Six Albanian men were arrested by the Greek police near the border that separates the two countries for illegally harvesting a wild mountain herb.
Police seized 10 horses and more than 130 kilograms (250 pounds) of primula veris, or cowslip, which can garner €100 ($121) per kilogram and is traditionally used to cure various ailments.
For conservation reasons, it is illegal in Greece to pick anything other than a small amount of wild herbs for personal use.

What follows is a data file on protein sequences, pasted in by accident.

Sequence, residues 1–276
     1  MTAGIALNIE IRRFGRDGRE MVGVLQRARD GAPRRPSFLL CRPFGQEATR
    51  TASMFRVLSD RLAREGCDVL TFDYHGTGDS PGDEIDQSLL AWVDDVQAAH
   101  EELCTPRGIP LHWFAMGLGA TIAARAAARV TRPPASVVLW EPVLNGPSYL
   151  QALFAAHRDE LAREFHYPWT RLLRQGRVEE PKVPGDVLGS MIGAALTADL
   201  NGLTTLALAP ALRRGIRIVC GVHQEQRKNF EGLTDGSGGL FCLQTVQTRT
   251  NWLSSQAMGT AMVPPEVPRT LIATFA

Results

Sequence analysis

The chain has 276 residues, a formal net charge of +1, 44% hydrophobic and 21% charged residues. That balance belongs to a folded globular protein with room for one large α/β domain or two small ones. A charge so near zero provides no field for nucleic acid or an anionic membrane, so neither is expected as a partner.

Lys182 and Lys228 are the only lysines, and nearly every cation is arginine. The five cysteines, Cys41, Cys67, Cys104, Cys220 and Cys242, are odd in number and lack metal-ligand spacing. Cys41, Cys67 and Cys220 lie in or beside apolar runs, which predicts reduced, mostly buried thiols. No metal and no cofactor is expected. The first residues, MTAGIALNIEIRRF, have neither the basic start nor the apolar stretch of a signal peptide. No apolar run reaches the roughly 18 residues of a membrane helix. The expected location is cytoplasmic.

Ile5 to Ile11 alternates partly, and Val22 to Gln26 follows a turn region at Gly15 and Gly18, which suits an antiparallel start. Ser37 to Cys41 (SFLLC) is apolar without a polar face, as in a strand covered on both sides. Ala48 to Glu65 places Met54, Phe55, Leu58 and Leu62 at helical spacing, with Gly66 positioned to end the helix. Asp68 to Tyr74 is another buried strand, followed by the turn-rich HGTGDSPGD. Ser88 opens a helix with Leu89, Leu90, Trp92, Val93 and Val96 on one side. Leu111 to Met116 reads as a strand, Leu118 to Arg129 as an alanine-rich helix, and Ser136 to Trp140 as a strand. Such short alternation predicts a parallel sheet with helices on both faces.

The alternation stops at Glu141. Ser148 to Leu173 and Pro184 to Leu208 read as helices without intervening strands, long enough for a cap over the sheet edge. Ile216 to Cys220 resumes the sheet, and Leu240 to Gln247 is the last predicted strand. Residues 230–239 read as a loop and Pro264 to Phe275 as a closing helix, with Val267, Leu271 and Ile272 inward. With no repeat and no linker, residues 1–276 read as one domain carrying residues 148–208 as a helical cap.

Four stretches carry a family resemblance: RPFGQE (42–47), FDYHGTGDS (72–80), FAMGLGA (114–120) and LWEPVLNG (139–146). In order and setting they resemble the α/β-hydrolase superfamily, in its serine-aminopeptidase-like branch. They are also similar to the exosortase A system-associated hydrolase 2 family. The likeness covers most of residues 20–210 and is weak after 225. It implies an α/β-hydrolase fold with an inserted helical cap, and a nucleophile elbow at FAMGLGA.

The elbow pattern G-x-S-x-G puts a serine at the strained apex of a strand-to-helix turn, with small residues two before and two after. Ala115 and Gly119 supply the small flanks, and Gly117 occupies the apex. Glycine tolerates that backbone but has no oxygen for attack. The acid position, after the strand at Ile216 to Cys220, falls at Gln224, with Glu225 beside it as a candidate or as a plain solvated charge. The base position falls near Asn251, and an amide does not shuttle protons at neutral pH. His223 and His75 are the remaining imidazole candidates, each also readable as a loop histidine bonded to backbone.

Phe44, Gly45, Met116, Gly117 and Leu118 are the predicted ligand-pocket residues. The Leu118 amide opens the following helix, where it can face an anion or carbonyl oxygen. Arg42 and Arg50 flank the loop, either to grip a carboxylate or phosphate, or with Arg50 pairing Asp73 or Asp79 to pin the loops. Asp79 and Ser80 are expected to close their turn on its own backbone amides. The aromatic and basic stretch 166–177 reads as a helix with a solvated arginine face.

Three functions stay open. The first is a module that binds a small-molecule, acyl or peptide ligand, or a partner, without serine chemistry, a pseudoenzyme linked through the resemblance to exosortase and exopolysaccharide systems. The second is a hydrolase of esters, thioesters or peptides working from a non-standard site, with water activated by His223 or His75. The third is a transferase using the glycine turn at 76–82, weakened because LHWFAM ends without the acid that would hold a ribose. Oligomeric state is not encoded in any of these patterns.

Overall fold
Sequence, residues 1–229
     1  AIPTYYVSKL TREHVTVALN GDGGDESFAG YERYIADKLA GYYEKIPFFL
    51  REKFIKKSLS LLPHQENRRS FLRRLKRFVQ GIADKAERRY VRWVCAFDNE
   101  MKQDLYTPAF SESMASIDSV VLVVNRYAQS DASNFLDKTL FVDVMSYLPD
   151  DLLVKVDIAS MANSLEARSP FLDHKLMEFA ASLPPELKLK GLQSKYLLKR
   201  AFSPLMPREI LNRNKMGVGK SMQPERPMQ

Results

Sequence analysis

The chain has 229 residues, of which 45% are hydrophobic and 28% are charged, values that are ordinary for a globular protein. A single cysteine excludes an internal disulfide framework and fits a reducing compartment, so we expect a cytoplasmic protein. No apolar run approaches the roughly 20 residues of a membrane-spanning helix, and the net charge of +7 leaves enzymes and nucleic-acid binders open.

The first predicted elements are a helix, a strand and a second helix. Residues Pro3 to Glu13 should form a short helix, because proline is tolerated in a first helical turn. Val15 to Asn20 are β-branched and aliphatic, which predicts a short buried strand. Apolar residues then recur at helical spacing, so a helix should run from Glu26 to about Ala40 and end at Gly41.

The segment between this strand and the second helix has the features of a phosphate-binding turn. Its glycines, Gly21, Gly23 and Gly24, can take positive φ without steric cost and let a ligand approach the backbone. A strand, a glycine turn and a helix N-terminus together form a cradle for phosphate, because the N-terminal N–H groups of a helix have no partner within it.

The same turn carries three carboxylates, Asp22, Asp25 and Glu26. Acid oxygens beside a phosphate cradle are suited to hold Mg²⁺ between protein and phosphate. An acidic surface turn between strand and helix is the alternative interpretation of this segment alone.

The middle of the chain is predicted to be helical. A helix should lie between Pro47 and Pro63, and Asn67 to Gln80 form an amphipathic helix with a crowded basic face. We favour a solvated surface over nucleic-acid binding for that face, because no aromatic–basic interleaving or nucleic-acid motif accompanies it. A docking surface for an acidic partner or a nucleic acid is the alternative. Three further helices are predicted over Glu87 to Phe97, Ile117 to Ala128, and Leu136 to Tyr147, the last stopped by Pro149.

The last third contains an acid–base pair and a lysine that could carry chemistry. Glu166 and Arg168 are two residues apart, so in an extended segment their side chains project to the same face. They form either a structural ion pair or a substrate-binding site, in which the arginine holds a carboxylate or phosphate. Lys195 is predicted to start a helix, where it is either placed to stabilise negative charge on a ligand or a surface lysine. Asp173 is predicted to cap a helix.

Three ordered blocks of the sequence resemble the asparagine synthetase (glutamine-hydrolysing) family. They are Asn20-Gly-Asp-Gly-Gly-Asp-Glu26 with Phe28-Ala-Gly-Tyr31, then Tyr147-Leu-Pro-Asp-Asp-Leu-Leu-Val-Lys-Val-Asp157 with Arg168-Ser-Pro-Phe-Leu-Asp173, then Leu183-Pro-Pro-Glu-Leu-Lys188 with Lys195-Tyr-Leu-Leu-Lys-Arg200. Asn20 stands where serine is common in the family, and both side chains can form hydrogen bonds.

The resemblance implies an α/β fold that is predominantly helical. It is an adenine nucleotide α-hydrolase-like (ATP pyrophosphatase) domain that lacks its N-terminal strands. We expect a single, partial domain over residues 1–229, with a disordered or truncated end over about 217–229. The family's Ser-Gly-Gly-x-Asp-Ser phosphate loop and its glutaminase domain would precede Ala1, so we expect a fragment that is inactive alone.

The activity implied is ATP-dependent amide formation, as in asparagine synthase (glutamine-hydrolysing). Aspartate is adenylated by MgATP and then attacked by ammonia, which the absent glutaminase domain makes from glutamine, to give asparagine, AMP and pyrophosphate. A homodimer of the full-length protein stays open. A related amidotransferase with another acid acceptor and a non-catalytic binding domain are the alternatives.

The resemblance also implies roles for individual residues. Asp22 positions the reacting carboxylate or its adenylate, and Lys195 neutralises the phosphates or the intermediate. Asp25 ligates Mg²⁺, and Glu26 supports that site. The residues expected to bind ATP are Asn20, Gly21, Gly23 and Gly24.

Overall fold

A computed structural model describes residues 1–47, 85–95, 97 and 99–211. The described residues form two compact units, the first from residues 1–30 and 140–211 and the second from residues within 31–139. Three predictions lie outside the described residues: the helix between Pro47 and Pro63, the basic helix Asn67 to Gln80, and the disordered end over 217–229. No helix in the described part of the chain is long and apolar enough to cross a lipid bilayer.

Greek police have stepped up patrols in the more remote areas of the north-west to prevent gangs crossing the Albanian border to harvest rare herbs.
Cowslip has been used in folk remedies to reduce blood clotting and is sometimes used as an antirheumatic.
In Europe, it is widely used for whooping-cough, and its effectiveness as an expectorant has been widely documented.
Current research is looking into the usefulness of the plant in treating asthma and allergies.
The plant’s antispasmodic properties could make it useful in treating epilepsy, tremors and may even be developed as a treatment for Parkinson’s Disease